Rutgers University will name a landmark building on its Newark campus after Ruth Bader Ginsburg, the late Supreme Court justice who taught at Rutgers Law School.
The 17-story building at 15 Washington St., now a residence hall, was the home of Rutgers Law School from the late 1970s until 1999, according to the university. The Rutgers Board of Governors unanimously approved the naming of Ruth Bader Ginsburg Hall on Thursday.
Ginbsurg, who died in September at 87, taught at the law school from 1963 to 1972.
“When I think of Ruth Bader Ginsburg, I hope future generations will understand her perseverance, her clear-eyed pursuit of justice and equity, and her care for those people who are often seen as voiceless or without history,” Rutgers president Jonathan Holloway said. “These are the principles that Ginsburg stood for. I think they are the principles that Rutgers stands for, and I’d love for future generations to understand how they are connected in that way.”
In her time at Rutgers, Ginsburg pioneered teaching women’s rights with a seminar on the law and gender equality, according to the university. She also began to build the legal framework that helped her successfully argue major gender discrimination cases before the Supreme Court.
Jane Ginsburg, the justice’s daughter, said her family is honored by the naming.
“Rutgers was one of the very few U.S. law schools willing in the 1960s to hire women, or minorities,” Ginsburg, a law professor at Columbia Law School, said in statement released by Rutgers. “It is particularly appropriate that the university that gave Mother her start in law teaching would commemorate that association in such a tangible way.”
The neoclassical skyscraper, located on Washington Park between the Newark Museum and the Newark Public Library, was built in the late 1920s as the headquarters of the American Insurance Company. American Insurance was acquired by Fireman’s Fund Insurance Co., which eventually donated the historic building to Rutgers.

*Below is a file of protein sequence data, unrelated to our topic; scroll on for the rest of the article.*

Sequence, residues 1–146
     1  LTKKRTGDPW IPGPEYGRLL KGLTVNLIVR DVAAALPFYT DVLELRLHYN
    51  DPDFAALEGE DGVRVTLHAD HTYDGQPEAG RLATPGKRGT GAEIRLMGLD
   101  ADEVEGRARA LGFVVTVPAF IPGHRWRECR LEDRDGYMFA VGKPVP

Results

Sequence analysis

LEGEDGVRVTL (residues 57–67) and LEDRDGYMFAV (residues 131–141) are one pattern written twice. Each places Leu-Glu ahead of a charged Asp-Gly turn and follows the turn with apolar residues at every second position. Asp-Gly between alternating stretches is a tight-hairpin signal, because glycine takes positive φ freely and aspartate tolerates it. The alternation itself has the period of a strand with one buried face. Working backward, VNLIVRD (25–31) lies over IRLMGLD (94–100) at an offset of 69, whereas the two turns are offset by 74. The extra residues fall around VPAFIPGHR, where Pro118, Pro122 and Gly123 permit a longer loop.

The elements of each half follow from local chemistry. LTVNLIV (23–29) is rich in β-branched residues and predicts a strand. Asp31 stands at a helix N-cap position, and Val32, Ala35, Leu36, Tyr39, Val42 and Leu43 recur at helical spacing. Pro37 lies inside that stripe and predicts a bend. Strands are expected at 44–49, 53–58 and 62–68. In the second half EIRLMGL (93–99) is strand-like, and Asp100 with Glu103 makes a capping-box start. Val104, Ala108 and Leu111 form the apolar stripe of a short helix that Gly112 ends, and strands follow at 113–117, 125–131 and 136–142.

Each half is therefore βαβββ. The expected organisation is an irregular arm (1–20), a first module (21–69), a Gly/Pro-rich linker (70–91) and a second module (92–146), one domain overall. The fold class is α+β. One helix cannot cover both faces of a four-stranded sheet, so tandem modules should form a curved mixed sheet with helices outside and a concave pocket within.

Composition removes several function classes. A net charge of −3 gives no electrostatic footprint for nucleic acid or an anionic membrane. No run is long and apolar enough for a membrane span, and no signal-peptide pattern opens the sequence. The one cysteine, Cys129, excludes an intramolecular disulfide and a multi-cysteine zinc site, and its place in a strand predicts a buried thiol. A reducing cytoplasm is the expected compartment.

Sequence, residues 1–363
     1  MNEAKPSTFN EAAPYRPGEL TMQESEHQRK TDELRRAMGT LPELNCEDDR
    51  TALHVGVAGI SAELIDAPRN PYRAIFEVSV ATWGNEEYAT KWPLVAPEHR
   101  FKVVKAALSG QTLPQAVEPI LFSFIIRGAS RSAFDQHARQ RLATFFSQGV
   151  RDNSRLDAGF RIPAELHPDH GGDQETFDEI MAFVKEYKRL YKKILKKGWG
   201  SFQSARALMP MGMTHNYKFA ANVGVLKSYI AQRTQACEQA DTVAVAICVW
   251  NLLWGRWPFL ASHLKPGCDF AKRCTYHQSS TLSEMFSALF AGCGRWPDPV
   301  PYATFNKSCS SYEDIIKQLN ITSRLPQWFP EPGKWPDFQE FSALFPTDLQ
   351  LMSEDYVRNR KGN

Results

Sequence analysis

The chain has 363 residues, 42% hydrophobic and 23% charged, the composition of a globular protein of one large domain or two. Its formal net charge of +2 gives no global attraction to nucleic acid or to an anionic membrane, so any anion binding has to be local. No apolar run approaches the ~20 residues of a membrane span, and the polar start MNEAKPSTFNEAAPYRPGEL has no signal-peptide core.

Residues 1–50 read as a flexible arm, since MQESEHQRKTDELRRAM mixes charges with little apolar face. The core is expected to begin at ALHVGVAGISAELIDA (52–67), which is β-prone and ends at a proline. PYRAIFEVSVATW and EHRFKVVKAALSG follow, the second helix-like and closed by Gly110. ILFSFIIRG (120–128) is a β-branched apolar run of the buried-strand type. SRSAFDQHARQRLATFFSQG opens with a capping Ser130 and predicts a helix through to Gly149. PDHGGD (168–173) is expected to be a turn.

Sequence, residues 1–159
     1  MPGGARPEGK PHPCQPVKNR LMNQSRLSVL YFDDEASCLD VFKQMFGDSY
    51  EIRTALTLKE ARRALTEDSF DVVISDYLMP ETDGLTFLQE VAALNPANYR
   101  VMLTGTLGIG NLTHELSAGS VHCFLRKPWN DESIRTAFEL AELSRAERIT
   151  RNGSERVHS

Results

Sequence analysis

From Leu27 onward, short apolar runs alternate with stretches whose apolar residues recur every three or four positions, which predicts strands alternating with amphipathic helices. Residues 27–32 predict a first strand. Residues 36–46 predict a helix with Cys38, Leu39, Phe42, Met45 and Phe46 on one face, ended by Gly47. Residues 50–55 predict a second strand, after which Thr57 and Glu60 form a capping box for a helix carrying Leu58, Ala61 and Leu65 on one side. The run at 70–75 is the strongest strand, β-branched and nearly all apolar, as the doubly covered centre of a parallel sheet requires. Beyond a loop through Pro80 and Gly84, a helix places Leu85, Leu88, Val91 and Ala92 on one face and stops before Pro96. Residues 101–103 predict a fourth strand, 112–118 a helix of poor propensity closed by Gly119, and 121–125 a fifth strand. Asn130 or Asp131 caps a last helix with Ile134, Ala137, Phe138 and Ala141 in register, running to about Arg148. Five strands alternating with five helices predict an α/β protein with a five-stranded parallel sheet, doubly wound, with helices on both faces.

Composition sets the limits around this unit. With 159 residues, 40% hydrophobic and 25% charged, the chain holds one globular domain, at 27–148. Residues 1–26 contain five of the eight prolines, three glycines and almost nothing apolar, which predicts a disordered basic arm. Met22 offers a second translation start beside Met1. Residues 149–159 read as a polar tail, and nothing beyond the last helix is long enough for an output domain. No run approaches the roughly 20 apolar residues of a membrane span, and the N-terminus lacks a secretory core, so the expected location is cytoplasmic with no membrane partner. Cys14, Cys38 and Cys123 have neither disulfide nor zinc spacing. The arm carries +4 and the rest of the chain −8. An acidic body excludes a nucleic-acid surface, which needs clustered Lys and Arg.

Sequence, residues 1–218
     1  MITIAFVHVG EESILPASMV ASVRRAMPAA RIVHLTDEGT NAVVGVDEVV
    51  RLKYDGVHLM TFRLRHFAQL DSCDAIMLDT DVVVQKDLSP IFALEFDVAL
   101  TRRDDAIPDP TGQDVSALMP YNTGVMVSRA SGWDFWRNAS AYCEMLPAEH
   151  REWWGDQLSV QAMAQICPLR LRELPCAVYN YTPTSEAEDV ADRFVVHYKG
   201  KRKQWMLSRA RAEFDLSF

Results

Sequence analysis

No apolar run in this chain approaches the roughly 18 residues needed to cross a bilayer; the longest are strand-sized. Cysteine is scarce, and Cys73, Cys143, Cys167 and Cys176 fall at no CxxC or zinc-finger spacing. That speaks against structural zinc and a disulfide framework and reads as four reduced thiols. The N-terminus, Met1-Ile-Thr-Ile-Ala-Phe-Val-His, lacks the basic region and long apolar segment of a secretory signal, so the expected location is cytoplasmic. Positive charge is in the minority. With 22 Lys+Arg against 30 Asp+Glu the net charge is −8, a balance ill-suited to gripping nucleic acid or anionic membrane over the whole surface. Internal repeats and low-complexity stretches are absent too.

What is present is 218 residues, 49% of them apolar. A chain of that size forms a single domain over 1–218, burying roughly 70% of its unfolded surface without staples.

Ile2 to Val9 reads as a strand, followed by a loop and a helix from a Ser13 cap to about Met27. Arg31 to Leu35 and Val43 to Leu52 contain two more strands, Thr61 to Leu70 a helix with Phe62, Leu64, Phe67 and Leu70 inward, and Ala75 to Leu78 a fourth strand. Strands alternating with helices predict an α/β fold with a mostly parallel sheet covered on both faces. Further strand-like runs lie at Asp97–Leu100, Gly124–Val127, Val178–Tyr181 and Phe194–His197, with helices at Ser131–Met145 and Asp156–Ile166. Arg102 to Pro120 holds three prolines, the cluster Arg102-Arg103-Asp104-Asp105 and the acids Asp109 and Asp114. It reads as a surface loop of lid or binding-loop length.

The building at one point was renamed the S.I. Newhouse Center for Law and Justice after the founder of Advance Publications, the owner of The Star-Ledger and NJ Advance Media.
It was recently repurposed as a home for 330 graduate and undergraduate students, including 100 law students. It’s also the residence of Rutgers-Newark chancellor Nancy Cantor.
Cantor wrote the proposal to name the building after Ginsburg.
“Justice Ginsburg’s steadfast commitment to social justice and equal treatment under the law, and to training future generations of change-makers, is precisely at the core of the institutional identity of Rutgers Law School in Newark and of Rutgers-Newark more generally,” she said.
Board of Governors chair Mark Angelson said Rutgers is proud of Ginsburg’s legacy at the university and that dedicating the landmark building in her honor will ensure that her name lives on at Rutgers.